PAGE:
Microfluidic Spatial Isolation and Cytokine Profiling of Human Immune Cells

基於微流體的人體免疫細胞空間維度篩選及其細胞因子檢測

Student thesis: Doctoral Thesis

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Award date4 Mar 2021

Abstract

Immune system disease which disrupt the immune status of immune cells can cause fatal healthy problems. Leukocytes play a key role in both innate and adaptive immune responses, yet promising prognosis and diagnosis on the immune systems are very challenging due to the multiplex, heterogeneous and dynamic responses and cell-cell communication. Meanwhile, it is worth noting that many studies have reported that host-associated microbial communities played as a key role in healthy and disease states. However, lack of effective bacterial single-cell isolation techniques hindered to deeply understand interaction between effect contributed from independent bacteria in the whole communities and pathology. Therefore, there is an urgent need to develop a novel method to achieve efficient single cell/bacteria isolation and analysis at single cell level for immune system disease study. Moreover, characterization of different immune subtypes on their cytokine secretion during a sophisticate immune response can provide an important insight on mechanisms of immune diseases. However, dynamic quantitatively measurement of cytokine secretion from different isolated single-cells still remain challenge due to different immune cell with distinct behaviors, while they are being co-cultured in the same chamber.

For selective immune cell isolation, we firstly developed a microstructured device, which consists of antibody-coated micropillars and micro-sieve arrays, for isolating a target immune cell subtype from bovine blood samples. The focusing micropillars can guide immune cells flowing to the subsequent micro-sieves based on deterministic lateral shifts of the cells. Arrangement of these microstructures is characterized and configured for the maximal cell capture rate. Surface modification with a selected antibody offers selective cell capture in the micro-sieves based on the antigen-antibody reaction. We prepare a cell mixture of human CD14-expressing leukemia cells (THP-1) and epithelial cells (MDA-MB-231) in diluted blood to characterize the cell isolation operation, with a selective cell isolation yield of >80 %, cell purity of ~100 % and cell viability of >93 %. Together, this microstructured strategy can achieve high-yield selective isolation of immune cells from blood samples and support downstream genetic and biochemical cell analyses, contributing to a broad range of medical diagnosis of immune diseases.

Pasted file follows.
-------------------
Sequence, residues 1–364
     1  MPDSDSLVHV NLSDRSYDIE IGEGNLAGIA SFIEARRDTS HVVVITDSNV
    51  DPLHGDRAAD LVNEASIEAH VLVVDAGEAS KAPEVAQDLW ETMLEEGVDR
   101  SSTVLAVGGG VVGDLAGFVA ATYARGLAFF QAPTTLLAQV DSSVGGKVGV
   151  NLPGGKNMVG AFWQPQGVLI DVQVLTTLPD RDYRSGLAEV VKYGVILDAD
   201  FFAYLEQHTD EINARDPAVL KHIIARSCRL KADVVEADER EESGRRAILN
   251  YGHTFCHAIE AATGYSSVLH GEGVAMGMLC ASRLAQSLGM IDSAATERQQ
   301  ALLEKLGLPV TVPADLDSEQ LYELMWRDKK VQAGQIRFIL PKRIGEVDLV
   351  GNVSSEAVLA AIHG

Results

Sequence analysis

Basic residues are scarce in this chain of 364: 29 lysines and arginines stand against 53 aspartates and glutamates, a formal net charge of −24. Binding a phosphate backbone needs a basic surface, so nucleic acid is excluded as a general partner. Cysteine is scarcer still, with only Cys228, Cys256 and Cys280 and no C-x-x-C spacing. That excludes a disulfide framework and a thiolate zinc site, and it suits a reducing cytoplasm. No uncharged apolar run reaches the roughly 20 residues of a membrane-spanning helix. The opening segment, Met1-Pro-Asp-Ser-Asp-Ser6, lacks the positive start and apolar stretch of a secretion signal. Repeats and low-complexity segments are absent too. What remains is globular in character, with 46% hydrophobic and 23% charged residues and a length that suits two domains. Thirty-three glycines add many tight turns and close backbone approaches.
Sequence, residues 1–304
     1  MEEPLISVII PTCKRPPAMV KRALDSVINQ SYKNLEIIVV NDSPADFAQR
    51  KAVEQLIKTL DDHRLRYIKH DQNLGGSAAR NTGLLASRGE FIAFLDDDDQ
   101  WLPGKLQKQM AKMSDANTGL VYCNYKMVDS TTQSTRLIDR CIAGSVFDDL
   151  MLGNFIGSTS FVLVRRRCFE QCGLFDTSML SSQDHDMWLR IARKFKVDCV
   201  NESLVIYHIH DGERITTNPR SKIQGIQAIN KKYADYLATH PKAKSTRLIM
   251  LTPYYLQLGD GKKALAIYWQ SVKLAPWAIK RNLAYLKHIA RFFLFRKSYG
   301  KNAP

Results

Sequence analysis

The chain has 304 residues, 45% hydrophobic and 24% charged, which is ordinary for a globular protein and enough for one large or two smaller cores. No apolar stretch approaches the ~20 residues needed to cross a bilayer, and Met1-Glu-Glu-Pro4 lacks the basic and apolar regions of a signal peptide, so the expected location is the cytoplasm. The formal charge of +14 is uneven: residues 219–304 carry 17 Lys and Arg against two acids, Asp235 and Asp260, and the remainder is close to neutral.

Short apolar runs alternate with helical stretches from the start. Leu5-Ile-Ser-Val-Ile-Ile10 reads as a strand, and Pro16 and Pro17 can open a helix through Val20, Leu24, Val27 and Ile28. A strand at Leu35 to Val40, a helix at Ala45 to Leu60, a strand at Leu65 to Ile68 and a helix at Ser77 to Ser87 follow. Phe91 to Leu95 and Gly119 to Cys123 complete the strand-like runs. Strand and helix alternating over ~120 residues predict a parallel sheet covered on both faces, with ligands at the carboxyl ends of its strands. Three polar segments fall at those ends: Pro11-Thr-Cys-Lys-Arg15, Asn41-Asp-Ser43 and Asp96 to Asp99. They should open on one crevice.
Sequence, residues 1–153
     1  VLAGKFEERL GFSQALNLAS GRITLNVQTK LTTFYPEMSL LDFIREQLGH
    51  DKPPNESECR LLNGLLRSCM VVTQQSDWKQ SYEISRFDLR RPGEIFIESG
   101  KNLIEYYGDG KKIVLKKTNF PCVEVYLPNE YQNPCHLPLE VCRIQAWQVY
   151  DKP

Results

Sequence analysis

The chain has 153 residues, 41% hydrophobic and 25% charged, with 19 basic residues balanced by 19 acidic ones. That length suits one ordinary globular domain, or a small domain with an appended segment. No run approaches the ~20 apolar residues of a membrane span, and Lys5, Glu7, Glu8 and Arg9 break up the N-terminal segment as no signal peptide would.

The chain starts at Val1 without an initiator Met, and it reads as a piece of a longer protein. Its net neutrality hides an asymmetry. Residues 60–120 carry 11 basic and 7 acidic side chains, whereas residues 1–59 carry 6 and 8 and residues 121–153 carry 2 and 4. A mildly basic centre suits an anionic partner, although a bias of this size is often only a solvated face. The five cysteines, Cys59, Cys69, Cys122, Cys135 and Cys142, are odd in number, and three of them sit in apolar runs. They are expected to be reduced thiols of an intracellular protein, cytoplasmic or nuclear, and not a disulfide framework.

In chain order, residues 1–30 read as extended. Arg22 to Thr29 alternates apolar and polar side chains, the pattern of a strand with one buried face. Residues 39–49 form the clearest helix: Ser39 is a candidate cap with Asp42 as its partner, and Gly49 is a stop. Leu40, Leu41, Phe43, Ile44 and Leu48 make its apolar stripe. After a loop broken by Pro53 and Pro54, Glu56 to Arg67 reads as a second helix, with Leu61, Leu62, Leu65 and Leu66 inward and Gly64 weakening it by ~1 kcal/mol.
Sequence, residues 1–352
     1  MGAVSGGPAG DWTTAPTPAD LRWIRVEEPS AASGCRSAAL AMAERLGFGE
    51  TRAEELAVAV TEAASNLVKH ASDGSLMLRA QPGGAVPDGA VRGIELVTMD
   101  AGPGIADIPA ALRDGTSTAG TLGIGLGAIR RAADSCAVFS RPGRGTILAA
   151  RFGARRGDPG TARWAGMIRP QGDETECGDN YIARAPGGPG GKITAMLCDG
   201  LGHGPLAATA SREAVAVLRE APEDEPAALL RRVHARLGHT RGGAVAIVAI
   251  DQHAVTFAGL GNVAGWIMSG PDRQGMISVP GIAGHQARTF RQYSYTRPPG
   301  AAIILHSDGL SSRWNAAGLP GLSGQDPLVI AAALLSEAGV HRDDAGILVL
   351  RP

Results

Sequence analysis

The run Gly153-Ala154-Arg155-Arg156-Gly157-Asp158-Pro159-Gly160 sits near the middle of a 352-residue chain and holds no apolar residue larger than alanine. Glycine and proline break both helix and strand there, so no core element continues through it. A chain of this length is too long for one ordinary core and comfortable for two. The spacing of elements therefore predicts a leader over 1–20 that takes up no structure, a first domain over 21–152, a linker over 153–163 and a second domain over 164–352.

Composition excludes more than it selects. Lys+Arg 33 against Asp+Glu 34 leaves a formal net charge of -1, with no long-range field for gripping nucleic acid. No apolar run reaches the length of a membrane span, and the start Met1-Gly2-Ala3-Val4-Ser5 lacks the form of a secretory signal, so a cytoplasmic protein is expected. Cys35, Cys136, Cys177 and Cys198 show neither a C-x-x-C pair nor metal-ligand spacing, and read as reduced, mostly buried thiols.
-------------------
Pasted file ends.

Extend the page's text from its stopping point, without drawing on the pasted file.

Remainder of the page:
We also presented a microfluidic based device for dynamic profiling of cytokine secretion at single cell level. This device is consisting of three modules: single cell isolation module, single functional beads isolation module and cytokine diffusion chamber which coordinate together to isolate target cell subtype into a specific position and achieve cytokine detection. This device could isolate cell and functional microbeads with high efficiency (~85%). We adopt THP-1 cells and M0, M1 macrophage as the sample, and we successfully stimulated isolated cells and quantitively measure cytokine secretion from target cell based on calculation. Therefore, we believe this studied well microfluidic based platform can provide a potential application in biology analysis clinical treatment, and biomedical engineering.

Finally, we proposed a droplet-based microfluidic integrated with sequential micro-sieve array for bacterial single-cell isolation and selective extraction. Stable monodisperse aqueous droplet with homogenous diameter could be generated in oil phase at flow focusing nozzle for encapsulating the single-bacterial sample. The oil flush guided the droplet to the single-row of micro-sieve array for sequential capturing with high efficiency (~95%). The selective droplet could be extracted by side flow for further analysis. We investigated the droplet generation procedure in the device and discussed on capturing behavior around micro-sieve. In addition, we isolated bacteria from human skin sample and the DNA inside was tested by polymerase chain reaction (PCR) and DNA sequencing technique. From these above conclusions, we believe this isolation strategy provide a potential application in microbiome and pathology researches.